John Philpin unpacks the question, should everyone learn to code? In response, he suggests choose something that you are passionate about, understanding that appreciating how technology works with that.
Scott Taylor unpacks the problems with memory. He talks about the way in which our short term memory is restricted to four-chunks. Two strategies that help counter this is: spaced repetition and offloading memory.
Work has meandered on. I have been supporting a couple of new schools with their transition and thinking about the challenge of transformation. So much of the work I do is about walking through processes, clicking this, doing that. The problem is that each step maybe relatively simple, but tied together processes become complicated. However, the wider problem is actually helping people make sense of how the system actually works. That is what keeps me wondering.
Personally, I have been listening to Sufjan Stevens and The Naked and Famous. I have also been reading Cory Doctorow’s Makers (again). Again, I have started a number of pieces, maybe that is enough at the moment.
Here then are some of the posts that have had me thinking:
Donald Clark reflects on the tendency of the IQ test to prioritise logical and mathematical skills, the false hope of single measure associated with Multiple Intelligences and the confusion between personality and Emotional Intelligences.
Simon Lindsay reflects on the current situation and the impact that it has on the way in which we collect data around students and learning. With the inability to complete various standardised tests, such as NAPLAN, it has placed the importance of teachers back in the spotlight.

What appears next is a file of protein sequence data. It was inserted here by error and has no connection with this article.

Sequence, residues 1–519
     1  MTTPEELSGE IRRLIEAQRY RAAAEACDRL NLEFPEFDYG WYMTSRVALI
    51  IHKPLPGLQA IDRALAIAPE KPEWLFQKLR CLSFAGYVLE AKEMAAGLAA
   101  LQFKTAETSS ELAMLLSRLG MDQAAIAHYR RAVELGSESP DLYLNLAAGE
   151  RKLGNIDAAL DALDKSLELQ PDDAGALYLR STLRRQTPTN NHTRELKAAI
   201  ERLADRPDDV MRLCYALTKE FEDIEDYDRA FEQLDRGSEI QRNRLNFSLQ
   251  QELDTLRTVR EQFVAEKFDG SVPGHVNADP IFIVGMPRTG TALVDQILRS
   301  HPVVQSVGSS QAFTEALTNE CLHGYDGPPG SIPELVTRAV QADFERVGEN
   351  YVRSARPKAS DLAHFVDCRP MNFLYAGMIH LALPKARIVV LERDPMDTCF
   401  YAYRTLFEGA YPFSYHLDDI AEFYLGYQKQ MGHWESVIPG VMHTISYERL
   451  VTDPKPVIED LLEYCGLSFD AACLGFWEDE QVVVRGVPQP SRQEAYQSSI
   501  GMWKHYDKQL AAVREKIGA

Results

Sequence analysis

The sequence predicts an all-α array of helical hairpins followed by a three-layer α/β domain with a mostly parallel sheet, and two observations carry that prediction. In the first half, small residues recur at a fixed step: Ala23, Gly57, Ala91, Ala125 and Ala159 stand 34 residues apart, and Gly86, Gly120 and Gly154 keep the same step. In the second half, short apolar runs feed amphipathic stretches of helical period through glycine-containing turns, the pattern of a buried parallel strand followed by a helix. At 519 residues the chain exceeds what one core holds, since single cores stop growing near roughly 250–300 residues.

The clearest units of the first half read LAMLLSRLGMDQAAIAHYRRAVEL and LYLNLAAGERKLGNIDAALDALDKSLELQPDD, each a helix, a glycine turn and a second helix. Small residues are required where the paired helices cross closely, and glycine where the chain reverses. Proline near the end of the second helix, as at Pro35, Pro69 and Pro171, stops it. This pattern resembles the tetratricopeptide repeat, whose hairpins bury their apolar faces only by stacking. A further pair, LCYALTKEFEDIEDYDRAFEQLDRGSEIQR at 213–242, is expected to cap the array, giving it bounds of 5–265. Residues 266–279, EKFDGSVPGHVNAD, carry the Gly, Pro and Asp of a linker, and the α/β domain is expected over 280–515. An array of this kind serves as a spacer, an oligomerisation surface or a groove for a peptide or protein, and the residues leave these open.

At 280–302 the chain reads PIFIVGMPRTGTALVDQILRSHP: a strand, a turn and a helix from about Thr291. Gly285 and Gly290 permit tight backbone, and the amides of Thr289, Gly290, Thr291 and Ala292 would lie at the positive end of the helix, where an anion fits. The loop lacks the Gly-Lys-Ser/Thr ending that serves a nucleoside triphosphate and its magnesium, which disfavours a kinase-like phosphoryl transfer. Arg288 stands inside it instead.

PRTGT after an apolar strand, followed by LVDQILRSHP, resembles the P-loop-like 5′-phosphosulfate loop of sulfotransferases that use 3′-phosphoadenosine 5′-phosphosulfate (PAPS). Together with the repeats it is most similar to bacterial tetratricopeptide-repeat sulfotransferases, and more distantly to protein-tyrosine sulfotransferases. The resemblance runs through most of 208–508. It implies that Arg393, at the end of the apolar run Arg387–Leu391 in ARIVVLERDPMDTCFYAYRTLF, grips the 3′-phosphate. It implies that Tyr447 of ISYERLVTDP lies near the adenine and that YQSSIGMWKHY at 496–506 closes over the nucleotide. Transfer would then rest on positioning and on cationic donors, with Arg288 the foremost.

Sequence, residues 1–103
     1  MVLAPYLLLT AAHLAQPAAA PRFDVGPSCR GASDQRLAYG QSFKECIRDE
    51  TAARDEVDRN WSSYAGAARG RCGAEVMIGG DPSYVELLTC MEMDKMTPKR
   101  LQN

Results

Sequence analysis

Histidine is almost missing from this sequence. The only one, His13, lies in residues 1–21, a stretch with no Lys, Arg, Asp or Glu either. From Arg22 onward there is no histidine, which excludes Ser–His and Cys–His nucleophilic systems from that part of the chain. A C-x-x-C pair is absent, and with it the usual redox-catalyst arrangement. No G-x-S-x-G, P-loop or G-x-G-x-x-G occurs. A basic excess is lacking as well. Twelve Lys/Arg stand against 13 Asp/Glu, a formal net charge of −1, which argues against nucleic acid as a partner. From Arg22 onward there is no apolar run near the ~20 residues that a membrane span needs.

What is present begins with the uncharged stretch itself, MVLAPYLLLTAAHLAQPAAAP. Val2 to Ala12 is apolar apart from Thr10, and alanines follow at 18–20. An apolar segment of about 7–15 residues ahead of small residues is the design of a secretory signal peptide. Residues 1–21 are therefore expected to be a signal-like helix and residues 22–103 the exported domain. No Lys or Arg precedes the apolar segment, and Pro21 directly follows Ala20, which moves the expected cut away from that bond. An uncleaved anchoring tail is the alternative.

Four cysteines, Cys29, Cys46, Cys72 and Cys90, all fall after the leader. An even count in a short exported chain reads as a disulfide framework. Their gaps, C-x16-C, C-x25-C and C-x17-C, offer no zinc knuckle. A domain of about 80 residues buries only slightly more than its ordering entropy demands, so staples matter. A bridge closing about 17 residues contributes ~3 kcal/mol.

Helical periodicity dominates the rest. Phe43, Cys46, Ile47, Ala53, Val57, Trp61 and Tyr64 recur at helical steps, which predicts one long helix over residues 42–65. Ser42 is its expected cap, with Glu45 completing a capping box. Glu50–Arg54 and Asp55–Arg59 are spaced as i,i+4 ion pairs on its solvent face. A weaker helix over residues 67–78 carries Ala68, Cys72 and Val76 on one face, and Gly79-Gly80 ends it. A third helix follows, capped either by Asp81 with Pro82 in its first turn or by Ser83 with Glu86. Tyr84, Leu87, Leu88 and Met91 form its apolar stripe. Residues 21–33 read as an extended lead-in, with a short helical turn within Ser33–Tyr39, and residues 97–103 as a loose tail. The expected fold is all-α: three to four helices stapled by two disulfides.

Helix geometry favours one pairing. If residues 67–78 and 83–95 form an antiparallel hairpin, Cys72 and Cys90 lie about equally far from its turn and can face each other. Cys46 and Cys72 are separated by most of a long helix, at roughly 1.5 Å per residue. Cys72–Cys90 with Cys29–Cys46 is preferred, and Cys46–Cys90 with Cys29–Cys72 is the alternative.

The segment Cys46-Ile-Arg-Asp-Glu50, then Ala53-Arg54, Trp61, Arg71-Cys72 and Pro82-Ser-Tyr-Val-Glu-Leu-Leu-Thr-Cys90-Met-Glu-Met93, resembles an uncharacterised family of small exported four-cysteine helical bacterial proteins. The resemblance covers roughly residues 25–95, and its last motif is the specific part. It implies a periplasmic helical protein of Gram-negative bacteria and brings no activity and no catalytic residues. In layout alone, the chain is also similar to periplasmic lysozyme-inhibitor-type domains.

Clive Thompson provides a behind-the-scenes perspective to how the algorithm team at YouTube are trying to address the problem of conspiracy theories and fake news, while also increasing growth and connecting people with interests.
The Digital Home project, an Alannah and Madeline Foundation initiative, is a social research program examining the changing aspect of technology for Australian families in staying connected, informed and healthy through social isolation.
I attended a webinar this month presented by Steve Brophy. The focus was on leadership and looking after yourself during times of stress. I was in the middle of a breathing exercise when Ms 4 decided to interrupt and ask what I was doing. I explained I was in ‘a meeting’ so she went back to playing. I rejoined the session. The discussion had moved to another technique. This time Ms 8 interrupted with a question or complaint about her sister. I feel that this captures the current context best. There is little deep work, no Pomodoro timers, it is all about making do. I believe that the current round of lockdown has made us more resilient (well I am at least hoping it has), however I fear I have just become far too pragmatic. Doubt you will find this in any published parenting manual.